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Bunhowna River

  Grade:   3 to 3       Rating: river rating
  County:   Mayo   Date updated:04/07/2007
  Section Length:   2.5km   Version: 6 (History)

Brief River Description

A seldom run river with continuous action from start to finish. Predominately boulder garden in nature with the odd drop and slide thrown into the mix. One of the best grade 3 runs in the country.

Directions to the Put-in

(Approaching from Castlebar, Co. Mayo). Drive towards the town of Newport on the R311. Pass through Newport in the direction of Achill along the N59. After about 10 mins (12km) you'll approach a river with the name plague "The Bunhowna", which is just outside the village of Mulranny. Take the right hand turn before the river and follow the road 300 metres up to a water treatment plant with a small lay-by on the left.You'll see the disused Achill railway line with an impressive bridge spanning the river on your left. You've reached the put in, and the take out!

Directions to the Take-out

The take out for the river is just below were you park your car. Once to pass under the railway bridge continue downstream. After the next rapid the river opens up and the take out can be seen shortly on river left. The take out is easily spotted as it is also used as a river ford by local farmers. Take out river left and walk two minutes back to your vehicle.

River Description

There is no one particular put-in for this river. From were you have parked your vehicle, start hiking upstream. There is a path for about 150 metres beyond the railway bridge on river left. This also gives ample opportunity to inspect all the rapids. We usually put on were the river flattens out after a sharp right hand turn (as your walking upstream). It's about a 20 minute hike to that point from were you parked. The river is very straight forward read and run. There are however a couple of rapids that are different in character to the rest of the river. All of these can be inspected on the hike in, with the exception of the last one which is hidden from sight beyond the railway bridge. The first notable drop is over a man made weir which is followed closely by a fun S-bed. The slight undercut on river right can catch the unwary so drive left as you go round the bend. There is a small playhole at the bottom of this rapid that might be of interest to those in a playboat or river-runner. The most notable rapid follows shortly after. It's a 40 metre slide (roughly!) with a gentle kicker at the end. This looks worse than it actually is. This slide itself is the only one of its type I know of in Ireland that is so user friendly on a river of this nature and grade. Beyond the bridge the river splits into two channels which drops and slides over a rocky ledge. Either channel is runnable. The river right channel generally provides a bit more entertainment though. A minute down stream of this is your take out.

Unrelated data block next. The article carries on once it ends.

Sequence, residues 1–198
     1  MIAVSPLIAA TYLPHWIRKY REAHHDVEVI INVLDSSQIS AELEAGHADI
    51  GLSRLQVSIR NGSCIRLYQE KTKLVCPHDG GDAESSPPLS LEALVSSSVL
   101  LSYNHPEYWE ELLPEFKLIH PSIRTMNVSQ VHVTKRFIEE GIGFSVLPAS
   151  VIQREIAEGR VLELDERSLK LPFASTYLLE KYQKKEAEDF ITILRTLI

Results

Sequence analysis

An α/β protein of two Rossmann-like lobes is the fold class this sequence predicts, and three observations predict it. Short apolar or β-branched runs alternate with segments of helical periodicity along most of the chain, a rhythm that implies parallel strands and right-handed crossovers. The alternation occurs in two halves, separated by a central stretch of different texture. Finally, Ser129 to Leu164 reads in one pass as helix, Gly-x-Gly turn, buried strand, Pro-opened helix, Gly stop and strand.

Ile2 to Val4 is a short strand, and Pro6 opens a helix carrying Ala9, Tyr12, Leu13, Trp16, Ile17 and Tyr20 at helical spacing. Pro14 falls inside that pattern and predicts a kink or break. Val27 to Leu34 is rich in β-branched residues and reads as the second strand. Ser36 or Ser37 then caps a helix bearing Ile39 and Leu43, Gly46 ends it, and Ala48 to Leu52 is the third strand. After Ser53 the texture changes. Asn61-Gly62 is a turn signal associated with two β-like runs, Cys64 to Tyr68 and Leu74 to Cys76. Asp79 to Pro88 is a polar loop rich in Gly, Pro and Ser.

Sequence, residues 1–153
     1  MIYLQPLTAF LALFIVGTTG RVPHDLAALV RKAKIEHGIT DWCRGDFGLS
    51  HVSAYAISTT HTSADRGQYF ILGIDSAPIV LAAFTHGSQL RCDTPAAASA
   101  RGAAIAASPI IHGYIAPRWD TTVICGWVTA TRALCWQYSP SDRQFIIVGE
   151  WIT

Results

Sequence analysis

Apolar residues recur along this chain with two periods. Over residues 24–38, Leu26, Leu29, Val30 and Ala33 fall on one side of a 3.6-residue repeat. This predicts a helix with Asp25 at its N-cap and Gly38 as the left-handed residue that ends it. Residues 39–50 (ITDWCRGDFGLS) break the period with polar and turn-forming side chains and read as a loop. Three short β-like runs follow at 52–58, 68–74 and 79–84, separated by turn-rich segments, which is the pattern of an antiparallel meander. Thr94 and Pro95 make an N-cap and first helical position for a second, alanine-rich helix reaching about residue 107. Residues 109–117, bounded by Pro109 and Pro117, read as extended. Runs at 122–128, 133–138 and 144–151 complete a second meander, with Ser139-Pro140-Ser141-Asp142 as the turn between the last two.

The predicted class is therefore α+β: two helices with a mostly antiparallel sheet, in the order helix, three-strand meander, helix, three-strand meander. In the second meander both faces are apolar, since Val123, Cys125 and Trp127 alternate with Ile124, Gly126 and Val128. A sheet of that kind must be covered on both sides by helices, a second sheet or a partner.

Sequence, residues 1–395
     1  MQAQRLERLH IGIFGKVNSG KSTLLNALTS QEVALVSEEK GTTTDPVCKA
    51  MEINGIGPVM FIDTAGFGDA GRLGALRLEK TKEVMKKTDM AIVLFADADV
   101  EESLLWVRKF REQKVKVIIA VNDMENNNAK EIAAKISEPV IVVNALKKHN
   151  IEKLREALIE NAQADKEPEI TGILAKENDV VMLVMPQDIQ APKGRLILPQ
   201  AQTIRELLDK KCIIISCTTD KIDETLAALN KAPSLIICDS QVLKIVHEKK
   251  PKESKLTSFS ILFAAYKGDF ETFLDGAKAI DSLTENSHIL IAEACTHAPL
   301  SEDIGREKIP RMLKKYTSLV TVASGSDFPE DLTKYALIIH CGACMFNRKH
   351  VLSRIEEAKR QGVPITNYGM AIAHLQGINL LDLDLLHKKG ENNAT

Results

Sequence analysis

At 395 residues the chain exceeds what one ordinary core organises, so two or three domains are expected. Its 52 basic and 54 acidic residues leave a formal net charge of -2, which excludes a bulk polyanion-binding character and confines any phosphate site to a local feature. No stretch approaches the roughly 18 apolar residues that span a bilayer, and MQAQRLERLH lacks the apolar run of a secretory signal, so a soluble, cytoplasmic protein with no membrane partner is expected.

For those that may be moving on from grade two's and easy three's it may be worth taking a minute to consider what kind of boat to bring. While not a particularly difficult run there are a lot of pin potentials due to the continuous nature of the river and bedrock so you may want to consider leaving the Crazy 88 at home. Other than that.let her rip! This one's a wee gem.

Local issues

There doesn't appear to be any issue with access, at the moment. At the railway bridge there is a fence that has to be crossed. It goes without saying that care should be taken when crossing the fence so as not to damage it and let the farmers little sheepy's out.

River level gauge

If it's been raining relatively hard for over an hour and a half this river is good to go. Needless to say it also goes up and down like a yo-yo. If it's stopped raining by the time to get to the take out, you've probably missed the best of it. The best level indicator is just under the bridge. There is a spot on river left where a small cave like feature has been eroded into the sandstone bridge. Generally if the water levels are half way up this and the eddy is recirculating violently you've got it at an optimum level. If the level is approaching the top of the cave and above and there is a large cushion wave pushing against the river left arch the level is quite high. At these levels the river becomes a continuousness grade IV.

River Hazards

Apart from minor pinning (which decreases with the level of the water) there's very few hazards .Rescue is easily set up anywhere on the river. You're probably at a greater risk of over-exertion from the hike in than you are of anything that the river will throw at you.


Original Author: Graham Clarke
Latest Author: Graham left is right Clarke
(Full History)

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